The Indian Journal of Physiology and Pharmacology.
Dhume RR, Dhume RA.
Department of Physiology, Goa Medical College, Bambolim.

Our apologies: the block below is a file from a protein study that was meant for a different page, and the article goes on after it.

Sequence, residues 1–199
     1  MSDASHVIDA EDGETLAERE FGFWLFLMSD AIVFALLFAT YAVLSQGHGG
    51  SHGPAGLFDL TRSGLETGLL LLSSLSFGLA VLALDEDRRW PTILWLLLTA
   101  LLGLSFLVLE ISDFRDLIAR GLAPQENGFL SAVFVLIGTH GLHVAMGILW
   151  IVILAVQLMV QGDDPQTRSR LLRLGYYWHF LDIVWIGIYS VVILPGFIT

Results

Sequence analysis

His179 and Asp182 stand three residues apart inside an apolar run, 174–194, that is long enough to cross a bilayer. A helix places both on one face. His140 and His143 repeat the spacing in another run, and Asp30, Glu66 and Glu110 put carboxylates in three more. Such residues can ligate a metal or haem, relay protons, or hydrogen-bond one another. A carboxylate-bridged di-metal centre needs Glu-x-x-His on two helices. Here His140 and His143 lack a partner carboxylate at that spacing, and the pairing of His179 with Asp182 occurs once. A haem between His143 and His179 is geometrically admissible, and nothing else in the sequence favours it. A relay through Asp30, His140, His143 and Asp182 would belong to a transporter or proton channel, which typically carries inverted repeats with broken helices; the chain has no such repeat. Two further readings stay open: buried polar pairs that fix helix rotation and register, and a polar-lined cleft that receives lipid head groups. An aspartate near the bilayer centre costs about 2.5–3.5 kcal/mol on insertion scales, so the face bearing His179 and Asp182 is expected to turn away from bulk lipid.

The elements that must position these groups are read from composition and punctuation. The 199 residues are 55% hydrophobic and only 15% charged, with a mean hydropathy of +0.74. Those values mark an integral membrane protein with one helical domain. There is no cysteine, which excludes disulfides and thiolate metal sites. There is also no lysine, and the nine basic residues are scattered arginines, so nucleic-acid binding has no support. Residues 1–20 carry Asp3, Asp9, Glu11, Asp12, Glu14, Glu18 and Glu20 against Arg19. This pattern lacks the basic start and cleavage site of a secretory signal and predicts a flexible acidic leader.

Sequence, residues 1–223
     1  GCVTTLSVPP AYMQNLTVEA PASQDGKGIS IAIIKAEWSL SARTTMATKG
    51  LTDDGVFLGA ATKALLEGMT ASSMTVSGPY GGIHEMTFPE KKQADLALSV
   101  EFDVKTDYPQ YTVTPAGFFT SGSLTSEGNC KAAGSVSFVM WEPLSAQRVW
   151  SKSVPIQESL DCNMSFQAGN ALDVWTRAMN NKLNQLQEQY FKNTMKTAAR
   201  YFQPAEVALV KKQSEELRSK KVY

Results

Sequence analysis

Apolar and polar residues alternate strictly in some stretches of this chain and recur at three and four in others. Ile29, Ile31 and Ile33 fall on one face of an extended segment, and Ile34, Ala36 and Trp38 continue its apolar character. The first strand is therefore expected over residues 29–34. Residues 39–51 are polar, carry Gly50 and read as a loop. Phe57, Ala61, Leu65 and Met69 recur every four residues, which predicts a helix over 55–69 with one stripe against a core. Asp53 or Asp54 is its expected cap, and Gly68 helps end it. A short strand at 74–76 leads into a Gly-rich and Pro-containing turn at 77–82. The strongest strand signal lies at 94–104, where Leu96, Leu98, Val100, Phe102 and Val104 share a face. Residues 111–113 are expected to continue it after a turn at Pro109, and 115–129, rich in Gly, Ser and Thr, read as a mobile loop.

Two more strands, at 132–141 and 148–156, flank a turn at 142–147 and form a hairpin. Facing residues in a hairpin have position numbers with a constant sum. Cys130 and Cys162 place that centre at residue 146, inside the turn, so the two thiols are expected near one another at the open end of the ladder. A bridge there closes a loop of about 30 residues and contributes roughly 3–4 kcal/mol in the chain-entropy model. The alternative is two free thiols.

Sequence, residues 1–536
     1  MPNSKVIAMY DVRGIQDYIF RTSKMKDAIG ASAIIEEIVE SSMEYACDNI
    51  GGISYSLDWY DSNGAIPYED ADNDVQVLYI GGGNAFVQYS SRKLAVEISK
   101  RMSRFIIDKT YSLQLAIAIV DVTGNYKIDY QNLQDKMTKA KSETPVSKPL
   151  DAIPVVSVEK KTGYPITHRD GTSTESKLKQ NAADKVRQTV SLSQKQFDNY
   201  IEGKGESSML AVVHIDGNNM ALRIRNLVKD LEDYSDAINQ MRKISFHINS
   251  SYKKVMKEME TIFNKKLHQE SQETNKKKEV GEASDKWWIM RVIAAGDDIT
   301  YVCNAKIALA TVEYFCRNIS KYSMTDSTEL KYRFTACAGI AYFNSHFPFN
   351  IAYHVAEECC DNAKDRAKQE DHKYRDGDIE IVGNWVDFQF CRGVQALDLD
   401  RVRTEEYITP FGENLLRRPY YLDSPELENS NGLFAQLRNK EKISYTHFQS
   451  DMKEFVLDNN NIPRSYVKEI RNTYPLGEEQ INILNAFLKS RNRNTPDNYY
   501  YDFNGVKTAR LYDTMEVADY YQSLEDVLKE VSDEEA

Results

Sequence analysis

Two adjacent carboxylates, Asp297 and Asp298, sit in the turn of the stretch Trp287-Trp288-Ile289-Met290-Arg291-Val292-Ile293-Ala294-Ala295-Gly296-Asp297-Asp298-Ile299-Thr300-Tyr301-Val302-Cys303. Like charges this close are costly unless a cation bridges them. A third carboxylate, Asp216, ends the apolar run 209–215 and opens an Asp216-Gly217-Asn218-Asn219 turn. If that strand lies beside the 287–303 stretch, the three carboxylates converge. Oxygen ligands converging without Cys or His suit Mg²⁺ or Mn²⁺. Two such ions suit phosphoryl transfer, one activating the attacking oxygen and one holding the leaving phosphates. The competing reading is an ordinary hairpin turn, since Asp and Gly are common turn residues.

The work is aimed to compare the relative strength of dextroamphetamine and yogic meditation on the performance of 3 different groups of medical students to concentrate on the task to balance on a balance board. Group A subjects were mediators, group B subjects were given orally 5 and 10 mg of dextroamphetamine in a capsule, 1 hr prior to the test. Group C subjects were given same capsule but with lactose in place of the drug (placebo). This last groups served as control for the study. The balance index calculated taking into account their balance time and error score at each trial of 5 min duration showed that the performance of the group B (drug) had declined with overall percentile fall of 40.6% as compared to the performance of the controls (placebo) whereas, the performance of Group A (meditators) went on steadily and progressively increasing throughout the period of 10 trial days with overall percentile rise of 27.8%. The results were conclusive to confirm earlier reports that amphetamine is not of use for improvement of task rather, it deteriorates the task performance. Contrary to that, yogic meditation is of merit to achieve concentration for mental as well as physical task.